- some medicines used to treat asthma such as salbutamol and terbutaline
- diuretics, also called fluid, or water tablets, such as amiloride , bumetanide, frusemide, hydrochlorothiazide and spironolactone
- chlorpromazine, a medicine used to treat schizophrenia and other mental illnesses
- NSAIDs (non-steroidal anti- inflammatory drugs), medicines used to relieve pain, swelling and other symptoms of inflammation, including arthritis such as aspirin, diclofenac, meloxicam, naproxen and piroxicam
- medicines used to treat ulcers and reflux, such as cimetidine
- medicines used to prevent blood clots such as warfarin
- thyroid hormones, such as thyroxine.
Your doctor and pharmacist have more information on medicines to be careful with or avoid while taking metformin.
If you are taking any of these you may need a different dose or you may need to take different medicines.
Other medicines not listed above may also interact with metformin.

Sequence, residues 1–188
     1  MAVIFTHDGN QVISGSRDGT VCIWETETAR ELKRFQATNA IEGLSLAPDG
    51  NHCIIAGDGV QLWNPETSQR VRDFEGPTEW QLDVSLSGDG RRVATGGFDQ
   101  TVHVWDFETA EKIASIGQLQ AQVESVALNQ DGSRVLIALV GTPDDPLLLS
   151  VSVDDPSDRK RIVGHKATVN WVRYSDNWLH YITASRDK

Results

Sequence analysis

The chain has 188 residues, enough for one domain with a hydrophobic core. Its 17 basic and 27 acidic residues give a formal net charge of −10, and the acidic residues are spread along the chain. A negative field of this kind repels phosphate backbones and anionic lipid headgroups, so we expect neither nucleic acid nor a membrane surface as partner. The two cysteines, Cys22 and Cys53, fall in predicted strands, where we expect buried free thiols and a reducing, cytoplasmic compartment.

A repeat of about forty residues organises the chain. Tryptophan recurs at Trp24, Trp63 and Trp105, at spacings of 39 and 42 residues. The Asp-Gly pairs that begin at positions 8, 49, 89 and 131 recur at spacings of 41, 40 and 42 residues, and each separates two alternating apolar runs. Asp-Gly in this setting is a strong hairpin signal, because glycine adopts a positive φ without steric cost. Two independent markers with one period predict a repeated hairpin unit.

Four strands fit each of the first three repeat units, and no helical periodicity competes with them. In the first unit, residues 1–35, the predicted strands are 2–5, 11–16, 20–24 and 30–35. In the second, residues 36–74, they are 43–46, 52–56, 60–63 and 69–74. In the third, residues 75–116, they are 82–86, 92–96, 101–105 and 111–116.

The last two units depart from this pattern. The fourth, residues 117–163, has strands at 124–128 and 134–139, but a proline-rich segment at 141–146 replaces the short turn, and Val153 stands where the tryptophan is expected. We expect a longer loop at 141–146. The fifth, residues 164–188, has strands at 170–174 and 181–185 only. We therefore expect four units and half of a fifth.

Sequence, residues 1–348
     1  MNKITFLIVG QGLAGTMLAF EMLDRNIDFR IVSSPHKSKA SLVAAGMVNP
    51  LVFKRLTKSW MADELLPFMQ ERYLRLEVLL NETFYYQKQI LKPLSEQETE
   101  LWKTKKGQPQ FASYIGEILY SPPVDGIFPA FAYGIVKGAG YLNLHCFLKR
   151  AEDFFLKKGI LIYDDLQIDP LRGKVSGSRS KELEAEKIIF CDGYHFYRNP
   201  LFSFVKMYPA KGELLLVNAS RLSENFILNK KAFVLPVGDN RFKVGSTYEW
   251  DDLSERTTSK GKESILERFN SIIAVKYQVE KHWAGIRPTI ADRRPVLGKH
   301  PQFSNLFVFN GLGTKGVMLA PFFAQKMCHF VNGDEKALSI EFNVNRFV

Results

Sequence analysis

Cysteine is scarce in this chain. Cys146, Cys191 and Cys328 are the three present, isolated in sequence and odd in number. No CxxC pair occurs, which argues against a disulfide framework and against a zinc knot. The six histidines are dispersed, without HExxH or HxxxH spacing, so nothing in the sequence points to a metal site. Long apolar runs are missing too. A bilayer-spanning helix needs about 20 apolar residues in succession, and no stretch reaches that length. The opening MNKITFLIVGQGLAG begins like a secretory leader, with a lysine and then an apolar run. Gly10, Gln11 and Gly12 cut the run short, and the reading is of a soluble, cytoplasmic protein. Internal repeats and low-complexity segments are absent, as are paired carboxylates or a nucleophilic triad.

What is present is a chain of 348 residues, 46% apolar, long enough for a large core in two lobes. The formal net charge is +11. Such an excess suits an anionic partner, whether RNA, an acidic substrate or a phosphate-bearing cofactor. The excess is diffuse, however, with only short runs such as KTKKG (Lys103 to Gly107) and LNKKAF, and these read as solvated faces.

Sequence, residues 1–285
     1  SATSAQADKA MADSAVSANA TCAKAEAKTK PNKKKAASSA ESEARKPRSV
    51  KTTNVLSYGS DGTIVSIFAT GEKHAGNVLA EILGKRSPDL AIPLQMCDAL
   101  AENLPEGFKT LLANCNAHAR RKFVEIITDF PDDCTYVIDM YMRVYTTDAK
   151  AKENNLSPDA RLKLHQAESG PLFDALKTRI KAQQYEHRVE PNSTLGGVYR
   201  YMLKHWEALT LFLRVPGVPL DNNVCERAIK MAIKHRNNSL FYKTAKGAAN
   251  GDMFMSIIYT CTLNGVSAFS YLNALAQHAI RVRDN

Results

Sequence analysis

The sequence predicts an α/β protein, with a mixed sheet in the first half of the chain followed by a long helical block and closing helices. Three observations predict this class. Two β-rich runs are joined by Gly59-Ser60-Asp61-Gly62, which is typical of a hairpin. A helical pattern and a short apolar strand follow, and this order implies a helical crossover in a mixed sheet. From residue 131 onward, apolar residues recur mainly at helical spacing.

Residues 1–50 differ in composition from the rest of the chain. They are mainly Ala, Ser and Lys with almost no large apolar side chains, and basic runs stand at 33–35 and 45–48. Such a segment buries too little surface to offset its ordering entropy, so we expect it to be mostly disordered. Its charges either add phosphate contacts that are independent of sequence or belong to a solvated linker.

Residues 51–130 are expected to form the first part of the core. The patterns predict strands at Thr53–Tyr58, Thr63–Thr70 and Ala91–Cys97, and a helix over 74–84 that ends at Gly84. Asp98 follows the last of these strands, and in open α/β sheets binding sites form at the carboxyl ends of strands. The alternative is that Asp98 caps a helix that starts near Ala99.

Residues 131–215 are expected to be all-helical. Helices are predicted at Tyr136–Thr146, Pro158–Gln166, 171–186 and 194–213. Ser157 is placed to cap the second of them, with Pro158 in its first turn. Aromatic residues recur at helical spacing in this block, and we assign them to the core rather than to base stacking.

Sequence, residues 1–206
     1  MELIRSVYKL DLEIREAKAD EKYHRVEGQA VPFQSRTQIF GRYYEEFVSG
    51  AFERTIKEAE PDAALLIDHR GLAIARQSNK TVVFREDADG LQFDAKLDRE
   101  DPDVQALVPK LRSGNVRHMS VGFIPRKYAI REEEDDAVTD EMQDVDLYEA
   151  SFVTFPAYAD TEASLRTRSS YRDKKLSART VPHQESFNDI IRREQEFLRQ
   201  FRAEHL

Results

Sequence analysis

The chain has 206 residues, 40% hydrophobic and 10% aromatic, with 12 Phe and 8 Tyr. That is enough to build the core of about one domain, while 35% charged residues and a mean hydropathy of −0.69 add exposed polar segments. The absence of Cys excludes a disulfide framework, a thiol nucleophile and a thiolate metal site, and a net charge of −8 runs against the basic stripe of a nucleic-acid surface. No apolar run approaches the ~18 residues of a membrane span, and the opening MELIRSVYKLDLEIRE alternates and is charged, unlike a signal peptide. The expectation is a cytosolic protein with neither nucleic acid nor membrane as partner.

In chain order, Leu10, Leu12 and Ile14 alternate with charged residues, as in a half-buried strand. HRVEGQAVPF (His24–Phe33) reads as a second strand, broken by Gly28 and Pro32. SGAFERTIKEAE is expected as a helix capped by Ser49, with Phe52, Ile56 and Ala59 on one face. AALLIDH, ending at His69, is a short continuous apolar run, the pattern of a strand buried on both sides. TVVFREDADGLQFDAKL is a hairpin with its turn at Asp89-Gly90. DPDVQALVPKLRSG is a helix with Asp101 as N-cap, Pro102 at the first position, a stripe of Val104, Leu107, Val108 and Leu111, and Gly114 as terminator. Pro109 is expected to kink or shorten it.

How to take this medicine
Follow carefully all directions given to you by your doctor or pharmacist. Their instructions may be different to the information in this leaflet.
How much to take
Your doctor or pharmacist will tell you how much of this medicine you should take. This will depend on your condition and whether you are taking any other medicines.
Do not stop taking your medicine or change your dosage without first checking with your doctor.
The usual starting dose is 500 mg once daily with the evening meal. Your doctor may increase the dose slowly, depending on your blood glucose levels.
The maximum recommended dose is 2 grams once per day.
The elderly and people with kidney problems may need smaller doses.
How to take it
Swallow the tablets whole with a glass of water.
Do not break, crush or chew the tablets.
If you break, crush or chew the tablets, they will not work as well. Metformin XR are modified release tablets. This means they have a special coating which allows the active ingredient, metformin, to be released slowly over time.